Saludos, readers! In light of Earth Day (April 22) and National Poetry Month I am delighted to present to you a very special book that perfectly celebrates a child’s relationship to nature through bilingual poetry. Call Me Tree/Llámame árbol, written and illustrated by Maya Christina Gonzalez, is a beautiful book that manages the unique achievement of being gender neutral.
Here is a description from Goodreads:
In this spare, lyrically written story, we join a child on a journey of self-discovery. Finding a way to grow from the inside out, just like a tree, the child develops as an individual comfortable in the natural world and in relationships with others. The child begins “Within/ The deep dark earth,” like a seed, ready to grow and then dream and reach out to the world. Soon the child discovers birds and the sky and other children: Trees and trees/ Just like me! Each is different too. The child embraces them all because All trees have roots/ All trees belong. Maya Christina Gonzalez once again combines her talents as an artist and a storyteller to craft a gentle, empowering story about belonging, connecting with nature, and becoming your fullest self. Young readers will be inspired to dream and reach, reach and dream . . . and to be as free and unique as trees.
As you might surmise from the Goodreads summary, this book is about a child who embodies nature by becoming a tree. The poetry carries the reader through the child’s imagination, from growing into a tree to the discovery of other diverse children-trees, and includes a metaphorical message that suggests all trees, like all people, belong in the world.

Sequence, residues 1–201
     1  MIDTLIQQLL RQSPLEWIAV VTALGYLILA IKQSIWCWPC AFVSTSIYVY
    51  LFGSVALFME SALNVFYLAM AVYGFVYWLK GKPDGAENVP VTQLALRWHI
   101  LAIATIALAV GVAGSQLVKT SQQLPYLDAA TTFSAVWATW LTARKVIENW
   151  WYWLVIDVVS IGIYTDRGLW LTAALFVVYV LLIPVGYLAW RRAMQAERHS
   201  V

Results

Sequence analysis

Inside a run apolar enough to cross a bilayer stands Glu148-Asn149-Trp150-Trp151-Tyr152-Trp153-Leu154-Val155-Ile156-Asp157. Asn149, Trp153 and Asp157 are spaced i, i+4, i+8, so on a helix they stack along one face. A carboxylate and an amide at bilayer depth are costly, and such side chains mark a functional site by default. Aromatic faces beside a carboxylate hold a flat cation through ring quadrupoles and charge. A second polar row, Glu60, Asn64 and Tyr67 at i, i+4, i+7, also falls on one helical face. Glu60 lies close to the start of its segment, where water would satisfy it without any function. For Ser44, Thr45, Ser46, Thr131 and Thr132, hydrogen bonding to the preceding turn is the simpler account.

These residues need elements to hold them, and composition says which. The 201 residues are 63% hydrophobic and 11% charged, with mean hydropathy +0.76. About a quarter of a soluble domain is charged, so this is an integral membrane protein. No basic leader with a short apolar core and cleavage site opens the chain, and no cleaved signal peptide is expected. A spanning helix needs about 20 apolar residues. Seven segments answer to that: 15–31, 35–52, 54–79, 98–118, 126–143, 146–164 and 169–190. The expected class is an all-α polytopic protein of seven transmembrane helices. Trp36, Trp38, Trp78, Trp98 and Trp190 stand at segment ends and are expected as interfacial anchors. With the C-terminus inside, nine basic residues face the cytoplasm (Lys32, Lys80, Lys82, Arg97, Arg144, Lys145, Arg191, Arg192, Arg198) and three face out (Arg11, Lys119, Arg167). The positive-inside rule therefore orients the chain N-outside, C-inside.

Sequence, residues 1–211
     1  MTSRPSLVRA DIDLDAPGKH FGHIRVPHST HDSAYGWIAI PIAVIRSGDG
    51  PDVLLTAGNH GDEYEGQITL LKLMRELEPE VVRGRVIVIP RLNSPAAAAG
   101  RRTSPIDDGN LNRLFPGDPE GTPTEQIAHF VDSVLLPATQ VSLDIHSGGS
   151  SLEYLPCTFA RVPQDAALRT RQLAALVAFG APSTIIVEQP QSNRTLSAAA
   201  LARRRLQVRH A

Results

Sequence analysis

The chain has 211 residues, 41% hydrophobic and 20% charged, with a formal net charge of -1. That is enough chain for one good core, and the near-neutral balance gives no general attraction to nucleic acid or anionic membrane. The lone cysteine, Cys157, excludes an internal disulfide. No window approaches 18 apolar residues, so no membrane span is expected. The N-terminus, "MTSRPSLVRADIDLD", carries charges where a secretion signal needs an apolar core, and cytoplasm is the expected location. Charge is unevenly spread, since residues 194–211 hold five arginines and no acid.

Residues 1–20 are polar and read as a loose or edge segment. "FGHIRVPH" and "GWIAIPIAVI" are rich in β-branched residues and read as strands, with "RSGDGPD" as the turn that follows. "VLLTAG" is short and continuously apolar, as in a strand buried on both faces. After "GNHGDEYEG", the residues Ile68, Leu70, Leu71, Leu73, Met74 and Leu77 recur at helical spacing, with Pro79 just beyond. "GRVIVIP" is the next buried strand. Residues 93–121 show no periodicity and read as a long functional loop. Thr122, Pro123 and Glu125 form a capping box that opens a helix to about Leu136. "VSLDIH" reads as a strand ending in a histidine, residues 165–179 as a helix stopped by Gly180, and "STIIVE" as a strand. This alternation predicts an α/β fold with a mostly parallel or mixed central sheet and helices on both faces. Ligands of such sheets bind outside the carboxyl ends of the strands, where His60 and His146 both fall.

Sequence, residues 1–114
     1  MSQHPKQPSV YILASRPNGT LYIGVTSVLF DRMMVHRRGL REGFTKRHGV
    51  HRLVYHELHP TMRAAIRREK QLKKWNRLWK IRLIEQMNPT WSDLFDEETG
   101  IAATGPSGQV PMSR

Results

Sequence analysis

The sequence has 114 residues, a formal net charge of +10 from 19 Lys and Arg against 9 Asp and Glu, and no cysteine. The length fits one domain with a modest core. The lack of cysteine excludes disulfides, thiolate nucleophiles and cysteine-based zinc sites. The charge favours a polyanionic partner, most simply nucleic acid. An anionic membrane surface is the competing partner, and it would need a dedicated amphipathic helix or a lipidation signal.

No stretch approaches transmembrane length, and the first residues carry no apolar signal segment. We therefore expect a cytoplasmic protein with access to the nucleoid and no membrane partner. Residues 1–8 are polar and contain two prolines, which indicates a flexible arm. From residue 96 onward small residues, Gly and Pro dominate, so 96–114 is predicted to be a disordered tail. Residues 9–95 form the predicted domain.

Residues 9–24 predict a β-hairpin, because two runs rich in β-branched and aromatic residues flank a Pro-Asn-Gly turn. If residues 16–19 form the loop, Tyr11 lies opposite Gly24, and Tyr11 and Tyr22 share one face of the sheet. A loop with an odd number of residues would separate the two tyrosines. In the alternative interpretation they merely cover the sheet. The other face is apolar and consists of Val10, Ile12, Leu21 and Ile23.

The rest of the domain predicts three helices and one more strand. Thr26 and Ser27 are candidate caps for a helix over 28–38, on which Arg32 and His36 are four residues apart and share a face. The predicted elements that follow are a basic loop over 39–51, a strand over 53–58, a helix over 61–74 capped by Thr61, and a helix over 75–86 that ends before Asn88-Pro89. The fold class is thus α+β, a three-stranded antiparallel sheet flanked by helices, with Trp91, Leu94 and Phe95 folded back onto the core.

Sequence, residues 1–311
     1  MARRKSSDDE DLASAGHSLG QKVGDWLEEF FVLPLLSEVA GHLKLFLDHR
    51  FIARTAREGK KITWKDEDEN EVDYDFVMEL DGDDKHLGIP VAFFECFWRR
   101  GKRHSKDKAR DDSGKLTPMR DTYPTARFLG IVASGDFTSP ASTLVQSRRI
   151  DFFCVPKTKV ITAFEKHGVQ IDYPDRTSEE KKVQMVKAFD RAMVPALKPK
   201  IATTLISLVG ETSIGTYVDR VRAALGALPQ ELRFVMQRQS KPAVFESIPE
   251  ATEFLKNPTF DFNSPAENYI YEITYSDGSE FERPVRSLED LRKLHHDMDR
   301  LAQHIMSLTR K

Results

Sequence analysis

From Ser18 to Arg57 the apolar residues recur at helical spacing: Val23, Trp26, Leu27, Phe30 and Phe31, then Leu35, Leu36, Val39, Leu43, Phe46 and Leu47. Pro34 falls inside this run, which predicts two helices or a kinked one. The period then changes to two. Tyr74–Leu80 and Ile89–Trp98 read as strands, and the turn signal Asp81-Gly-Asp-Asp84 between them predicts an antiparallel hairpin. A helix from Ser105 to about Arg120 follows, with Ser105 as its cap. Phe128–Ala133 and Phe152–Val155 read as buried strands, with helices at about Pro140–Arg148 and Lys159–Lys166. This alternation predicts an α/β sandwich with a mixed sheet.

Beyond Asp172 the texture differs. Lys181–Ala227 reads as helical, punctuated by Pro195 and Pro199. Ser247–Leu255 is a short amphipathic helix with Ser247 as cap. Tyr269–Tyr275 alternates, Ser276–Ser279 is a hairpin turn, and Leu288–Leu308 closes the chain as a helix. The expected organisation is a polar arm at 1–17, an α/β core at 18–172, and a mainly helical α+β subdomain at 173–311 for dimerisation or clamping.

The book has received a lot of attention for its non-gender specific protagonist. This was a very deliberate decision made by the author. In an interview with The Huffington Post, Gonzales stated “By being gender free, Call Me Tree provides for some a much needed break from the constant boy-girl assumptions and requirements. It can also provide a moment to pause and consider those assumptions, requirements and their impact.”
She went on to describe how a strict gender binary in our society can have devastating effects on children who are developing their identity. “Gender nonconformity is one of the leading causes of bullying and can have long lasting, even tragic consequences. By beginning early and sharing age appropriate books that help kids see through gender assumptions, gender creative kids can relax and trust that they are perfectly natural and valuable.” Having a non-gender specific protagonist opens up the possibility that it’s ok not to know the gender of a child, and thus the book creates a safe space where people can be themselves and still fit in no matter what.
Apart from the progressive gender-neutral message, what I found to be most valuable about the book is that it can allow students to feel a simultaneous connection to nature and their community. This will hopefully lead readers to feel inspired to embrace their own individuality, while seeing commonalities between themselves and others at the same time.
I view the book as a good tool for multicultural teaching not simply for its bilingual format but because it supports positive lessons related to acceptance, equality, and diversity. That the text is in poetry form lends to the celebration of nature in a beautiful way, and allows it to be used in classroom activities that relate to poetry.
Here are some resources to assist in teaching with this book:
- A note to readers in which the author explains why she chose to use a gender-neutral character, shares tips for when and how to use the book in an educational setting, and provides extra resources for teaching about gender.
- An educator’s guide from Lee & Low Books that includes a book summary, background, focus questions, vocabulary, discussion questions, reader-response and other writing prompts, English Language Learner support, and interdisciplinary activities.